In recent months Volvo, Ford (Europe), Jaguar, Mini and Bentley have announced ambitions to become pure battery electric vehicle (BEV) brands by 2030. Other brands have followed by announcing that BEVs will be their major production volume by then.
Some automotive analysts have predicted that the tipping point for price equivalence between ICE vehicles and BEVs is likely to happen some three years earlier, in 2027. The EU is discussing whether to increase the (already ambitious) target of 37.5% CO2 reduction to an even higher 55% reduction. This naturally puts pressure on all OEMs to embrace alternative propulsion systems to combustion engines – such as electrification.
While transferring from one propulsion source to another may seem a simple task, it can cause issues for the existing vehicle development and testing infrastructure. With a completely new powertrain, new aspects of testing must be considered, as well as the efficiency in such testing. This, as time-to-market is critical when the rate of market adoption is so high. An indication of this is Tesla’s recent valuation that exceeds five of the major automotive OEMs combined.
Testing the Powertrain
With ever-tighter development cycles it is no longer viable for OEMs to postpone a road-testing session by six months due to weather and road conditions not being ideal for the test in question. One solution is, of course, to find a location on the globe where the road conditions are more suitable – in most cases, this is a very expensive and resource-intensive choice.
Swedish company Rototest has been working in the powertrain testing field for more than three decades. Its main activity is the provision of hub-coupled powertrain dynamometers, supporting OEMs and Tier 1s as they increase development efficiency and reduce costs. For instance, moving powertrain calibration into the lab (road-to-lab), makes huge cost and time savings as the testing environment becomes more stable, with increased repeatability a key result.
The Rototest powertrain dynamometer boasts innovative features such as a floating mounting solution that does not require anything more than a hard floor to be installed. As there are no horizontal forces acting on the vehicle during testing, monitoring full acceleration or emergency braking is simple, and a stable testing environment is ensured together with an unmatched installation time.
The dynamometer system uses sophisticated algorithms in its control system to enable the vehicle to experience realistic road conditions, all without the hassle of a complicated user interface. The vehicle can be installed in the all-wheel-drive dynamometer system and set-up ready for test in less than 20 minutes using ordinary automotive workshop tools. For customers requiring a high throughput rate, the time can be reduced to 10 minutes (with production flow options).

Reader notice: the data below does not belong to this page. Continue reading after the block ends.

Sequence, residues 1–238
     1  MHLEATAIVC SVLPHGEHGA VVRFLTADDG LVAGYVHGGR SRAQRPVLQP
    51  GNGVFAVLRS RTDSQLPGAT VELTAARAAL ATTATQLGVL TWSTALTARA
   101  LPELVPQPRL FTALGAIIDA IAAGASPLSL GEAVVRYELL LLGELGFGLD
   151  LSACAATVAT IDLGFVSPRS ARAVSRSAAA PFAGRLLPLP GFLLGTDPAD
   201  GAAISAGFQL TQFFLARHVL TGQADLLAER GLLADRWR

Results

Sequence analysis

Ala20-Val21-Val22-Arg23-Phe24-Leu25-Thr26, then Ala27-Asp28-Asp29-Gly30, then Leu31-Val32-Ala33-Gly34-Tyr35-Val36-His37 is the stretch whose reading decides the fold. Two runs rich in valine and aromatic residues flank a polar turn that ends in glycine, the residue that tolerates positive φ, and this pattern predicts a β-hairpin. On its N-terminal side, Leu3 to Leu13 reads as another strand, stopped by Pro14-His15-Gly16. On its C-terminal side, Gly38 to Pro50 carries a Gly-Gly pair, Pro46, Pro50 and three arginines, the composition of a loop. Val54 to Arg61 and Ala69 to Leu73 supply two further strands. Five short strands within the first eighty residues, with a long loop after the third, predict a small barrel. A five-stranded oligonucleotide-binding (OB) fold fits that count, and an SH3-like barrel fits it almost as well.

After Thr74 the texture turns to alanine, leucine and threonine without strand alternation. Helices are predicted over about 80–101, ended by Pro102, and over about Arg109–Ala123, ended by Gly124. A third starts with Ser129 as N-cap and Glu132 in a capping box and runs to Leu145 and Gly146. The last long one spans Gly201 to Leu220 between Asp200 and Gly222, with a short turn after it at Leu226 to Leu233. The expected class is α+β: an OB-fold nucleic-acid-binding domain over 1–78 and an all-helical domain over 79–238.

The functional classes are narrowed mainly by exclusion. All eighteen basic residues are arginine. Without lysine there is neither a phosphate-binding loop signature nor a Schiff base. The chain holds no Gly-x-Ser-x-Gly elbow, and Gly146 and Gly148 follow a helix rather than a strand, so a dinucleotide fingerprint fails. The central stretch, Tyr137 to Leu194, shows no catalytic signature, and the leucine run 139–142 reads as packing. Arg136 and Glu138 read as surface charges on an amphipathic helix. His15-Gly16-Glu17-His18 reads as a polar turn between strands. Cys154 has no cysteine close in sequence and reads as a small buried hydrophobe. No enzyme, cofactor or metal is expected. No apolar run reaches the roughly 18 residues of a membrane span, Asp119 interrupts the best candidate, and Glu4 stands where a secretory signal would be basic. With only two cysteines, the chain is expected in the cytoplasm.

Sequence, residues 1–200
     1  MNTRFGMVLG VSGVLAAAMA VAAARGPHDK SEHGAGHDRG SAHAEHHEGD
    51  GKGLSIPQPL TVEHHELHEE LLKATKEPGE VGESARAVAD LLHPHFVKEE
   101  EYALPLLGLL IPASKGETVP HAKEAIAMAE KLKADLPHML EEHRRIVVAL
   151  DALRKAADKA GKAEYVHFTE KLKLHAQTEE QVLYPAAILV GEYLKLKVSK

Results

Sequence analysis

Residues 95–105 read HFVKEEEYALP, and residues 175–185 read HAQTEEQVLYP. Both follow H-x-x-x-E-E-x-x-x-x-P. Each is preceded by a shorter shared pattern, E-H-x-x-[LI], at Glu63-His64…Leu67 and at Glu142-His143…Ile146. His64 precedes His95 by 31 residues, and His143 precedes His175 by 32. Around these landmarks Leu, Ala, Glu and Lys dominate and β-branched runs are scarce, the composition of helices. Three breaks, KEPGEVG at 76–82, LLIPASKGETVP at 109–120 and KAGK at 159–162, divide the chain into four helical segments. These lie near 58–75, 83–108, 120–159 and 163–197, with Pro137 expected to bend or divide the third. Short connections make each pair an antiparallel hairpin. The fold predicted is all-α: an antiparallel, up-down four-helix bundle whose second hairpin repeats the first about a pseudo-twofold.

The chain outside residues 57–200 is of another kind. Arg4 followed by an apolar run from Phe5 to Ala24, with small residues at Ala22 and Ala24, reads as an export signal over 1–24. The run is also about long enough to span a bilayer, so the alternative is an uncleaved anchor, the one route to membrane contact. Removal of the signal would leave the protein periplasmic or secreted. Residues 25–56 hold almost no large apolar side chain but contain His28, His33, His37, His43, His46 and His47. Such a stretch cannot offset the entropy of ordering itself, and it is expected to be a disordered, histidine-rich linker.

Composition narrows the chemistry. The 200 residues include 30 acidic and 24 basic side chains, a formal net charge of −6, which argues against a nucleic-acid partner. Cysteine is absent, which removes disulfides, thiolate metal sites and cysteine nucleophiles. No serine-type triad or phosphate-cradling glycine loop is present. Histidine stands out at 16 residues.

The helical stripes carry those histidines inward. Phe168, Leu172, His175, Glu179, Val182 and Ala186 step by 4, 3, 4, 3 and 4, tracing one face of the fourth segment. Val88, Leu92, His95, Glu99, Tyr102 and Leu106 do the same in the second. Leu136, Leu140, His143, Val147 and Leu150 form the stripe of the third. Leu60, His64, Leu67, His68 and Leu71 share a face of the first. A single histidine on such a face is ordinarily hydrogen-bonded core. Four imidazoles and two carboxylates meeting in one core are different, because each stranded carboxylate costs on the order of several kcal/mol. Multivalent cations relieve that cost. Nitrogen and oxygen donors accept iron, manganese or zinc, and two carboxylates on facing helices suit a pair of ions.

The floating mounting solution also enables automatically adjustable wheelbase and track width, even during vehicle operation, as well as automatically adjustable camber angles and wheel angles such as toe-in. Unnatural stresses on suspension components such as wheel bearings or suspension bushings are avoided with this design.
Another benefit of the floating solution is the capability of physical steering, i.e. the vehicle may use its steering during testing – a crucial feature for certain advanced driver assistance system (ADAS) functions as well as automated/autonomous driving (AD) testing.
ADAS functionality is a broad term that includes a multitude of different technologies and vehicle subsystems. Functionality includes ACC (adaptive cruise control), LKA (lane keep assist), automated parking and other functions that are continuously added with a growth rate that is rapidly increasing as new sensors and technologies become available.
The ADAS integrates multiple sensors and control systems to control the vehicle. A system commonly includes sensors such as radars and cameras integrated with several electronic control modules for powertrain, brakes and steering.
ADAS testing and calibration consumes a substantial proportion of the overall testing and calibration time of a modern vehicle. Rototest’s customers report time savings of up to 80% by moving calibration manoeuvres from road testing into the lab. The modular structure helps here. Regardless of whether the ADAS function can use the road-correlated, time-saving and integrated vehicle model or requires a higher-fidelity model for complex scenarios, both use cases are fully supported and deliver a cost- and resource-optimised testing environment.
Being a specialist in the field of hub-coupled dynamometers, the company cooperates with partners globally to build fully integrated solutions where the dynamometer system acts as a subsystem together with other systems such as emissions, visualisation, simulators, chambers, measurement and automation systems.
Rototest builds its solutions with two primary users in mind. Firstly, the engineer who is completely focused on a specific test scheme or manoeuvre and wishes to conduct it in the most time-optimised manner without desiring to find a dedicated test site. For this engineer, Rototest offers standardised test modules that take minutes to set up even though the actual test may involve complex modelling.
The other user is the engineer who is keen to be in complete control and wishes to use pre-existing vehicle models, or simulation equipment that is not yet physically available, such as sensors or propulsion systems (hardware-in-the-loop, HiL). To satisfy this, Rototest’s dynamometer systems offer full transparency in running external controllers such as in vehicle-in-the-loop (ViL) scenarios. The same standardised system supports both applications equally.